Remember, we can be right about an issue and wrong in our presentation. When that occurs, we are not persuasive. Rather, we become obnoxious. That is what happened with Grisham. May we (and he) learn from his mistakes. Jesus is the focus of our Christmas celebration. Celebrate Him! But don’t turn Him into the Grinch. To our friends in Amarillo, Texas, on behalf of the majority of the Christian community, you have our apologies. Amarillo, have a wonderful Christmas!

Click here to see the video, courtesy of the Drudge Report. http://drudgetoday.com/v2/r?n=0&s=18&c=1&pn=Anonymous&u=http://www.theamericanmirror.com/video-pastor-heckles-kids-tx-mall-no-santa/

(c) December 14, 2016. Brian Chilton.

The Mystery of Christ’s Incarnation

The Gospel of John opens with these words: “In the beginning was the Word, and the Word was with God, and the Word was God. He was in the beginning with God. All things were made through him, and without him was not any thing made that was made…And the Word became flesh and dwelt among us, and we have seen his glory, glory as of the only Son from the Father, full of grace and truth” (John 1:1-3, 14).[1] Incomprehensible! Often at Christmas time, we are lost in the imagery of a baby, wrapped in swaddling clothes, lying in a manger. One may picture angels overhead with Mary and Joseph seated near the Child, surrounding by shepherds, wisemen,[2] and onlooking animals. But does one contemplate the great complexity of it all? John notes that the eternal Word, the Logos,[3] came to earth and became a human being. God became one of us. How does one understand this complex doctrine? Early in Christian history, two schools sought to develop and understanding on how it was that God came to earth. One developed in Alexandria, Egypt, a center of high intellectualism and which housed one of the largest libraries in human history—known as the Alexandrian school. Another developed in Antioch located in Asia Minor (around modern Turkey)—known as the Antiochene school.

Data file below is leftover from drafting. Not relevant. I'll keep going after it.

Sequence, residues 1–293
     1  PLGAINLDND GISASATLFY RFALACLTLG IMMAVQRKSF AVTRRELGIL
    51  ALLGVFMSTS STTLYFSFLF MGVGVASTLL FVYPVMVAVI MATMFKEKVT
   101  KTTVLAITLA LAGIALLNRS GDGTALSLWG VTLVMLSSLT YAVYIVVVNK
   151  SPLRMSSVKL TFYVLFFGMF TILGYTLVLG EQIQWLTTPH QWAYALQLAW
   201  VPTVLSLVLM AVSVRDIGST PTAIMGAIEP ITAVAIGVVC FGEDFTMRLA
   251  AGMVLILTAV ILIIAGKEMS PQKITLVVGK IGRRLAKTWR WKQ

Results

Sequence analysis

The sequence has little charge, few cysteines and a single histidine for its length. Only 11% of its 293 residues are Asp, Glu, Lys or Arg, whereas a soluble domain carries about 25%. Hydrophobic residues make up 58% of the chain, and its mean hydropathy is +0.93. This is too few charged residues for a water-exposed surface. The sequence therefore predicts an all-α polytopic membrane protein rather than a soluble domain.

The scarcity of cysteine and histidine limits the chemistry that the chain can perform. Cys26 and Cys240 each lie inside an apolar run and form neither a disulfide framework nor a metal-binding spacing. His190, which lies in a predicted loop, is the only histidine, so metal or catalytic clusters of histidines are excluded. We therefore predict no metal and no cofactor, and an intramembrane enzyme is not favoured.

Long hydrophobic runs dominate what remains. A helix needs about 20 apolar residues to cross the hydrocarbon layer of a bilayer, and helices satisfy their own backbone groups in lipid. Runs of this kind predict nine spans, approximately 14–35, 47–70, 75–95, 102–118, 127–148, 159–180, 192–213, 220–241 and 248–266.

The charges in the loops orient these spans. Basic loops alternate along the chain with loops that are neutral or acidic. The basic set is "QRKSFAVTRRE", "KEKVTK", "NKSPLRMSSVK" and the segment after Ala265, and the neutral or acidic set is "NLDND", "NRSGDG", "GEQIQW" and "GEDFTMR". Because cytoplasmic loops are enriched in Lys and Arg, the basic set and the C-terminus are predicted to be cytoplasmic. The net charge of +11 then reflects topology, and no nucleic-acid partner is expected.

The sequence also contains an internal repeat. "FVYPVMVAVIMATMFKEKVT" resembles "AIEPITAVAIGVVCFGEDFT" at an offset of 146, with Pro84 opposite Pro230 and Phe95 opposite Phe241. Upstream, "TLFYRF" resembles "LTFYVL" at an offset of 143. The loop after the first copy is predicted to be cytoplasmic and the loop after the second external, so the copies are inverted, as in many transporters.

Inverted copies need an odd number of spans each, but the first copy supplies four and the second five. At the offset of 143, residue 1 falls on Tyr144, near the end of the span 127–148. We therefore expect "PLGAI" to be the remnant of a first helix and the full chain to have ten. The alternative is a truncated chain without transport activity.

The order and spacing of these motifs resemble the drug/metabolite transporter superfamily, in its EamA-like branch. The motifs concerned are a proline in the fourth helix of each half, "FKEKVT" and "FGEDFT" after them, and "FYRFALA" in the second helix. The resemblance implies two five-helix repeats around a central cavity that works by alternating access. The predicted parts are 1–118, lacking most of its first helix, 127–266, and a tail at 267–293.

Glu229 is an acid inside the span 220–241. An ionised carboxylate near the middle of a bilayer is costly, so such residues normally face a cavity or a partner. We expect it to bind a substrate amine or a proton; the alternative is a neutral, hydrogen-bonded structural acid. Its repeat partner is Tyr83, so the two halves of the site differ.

The Alexandrian School of Understanding

The Alexandrian school was home to some powerful Christian thinkers including the great apologist Justin Martyr. Athanasius, the man who defeated the ancient Arian heresy,[4] came from this school of thought as well as Cyril of Alexandria and others. The Alexandrian school “focused sharply on the significance of Christ as savior.”[5] As such, the Alexandrian school focused on the divine nature of Christ and emphasized the divine Logos as He assumed a human nature. Cyril of Alexandria notes,

 “In declaring that the Word was made to ‘be incarnate’ and ‘made human,’ we do not assert that there was any change in the nature of the Word when it became flesh, or that it was transformed into an entire human being, consisting of soul and body; but we say that the Word, in an indescribable and inconceivable manner, united personally to himself flesh endowed with a rational soul, and thus became a human being and was called the Son of man. And this was not by a mere act of the will or favor, nor simply adopting a role or taking to himself a person.”[6]

Apollinarius of Laodicea (c. 310-390) took the Alexandrian understanding of the Logos assuming flesh to the point where he claimed that a human mind and soul were replaced with a divine mind and soul. The Apollinarian school thus devalued the human aspect of Christ, a concept that would be challenged by many Alexandrians and especially the Antiochenes.

The Antiochene School of Understanding

Whereas the Alexandrians focused on the salvific aspect of Christ, the Antiochene school focused on the moral aspects of Christ.[7] The Antiochene school focused on the wholeness of Christ being both divine and human. Unfortunately, like Apollinarius would for the Alexandrian school, a man name Nestorius (c. 386-451) would stretch the Antiochene understanding to the limits of heresy. Nestorius would argue that Christ held two natures: one human and one divine. Yet, Nestorius’ view led to the belief that Christ has two parts to Himself. However, a solution to this enigma would come from the Antiochene school.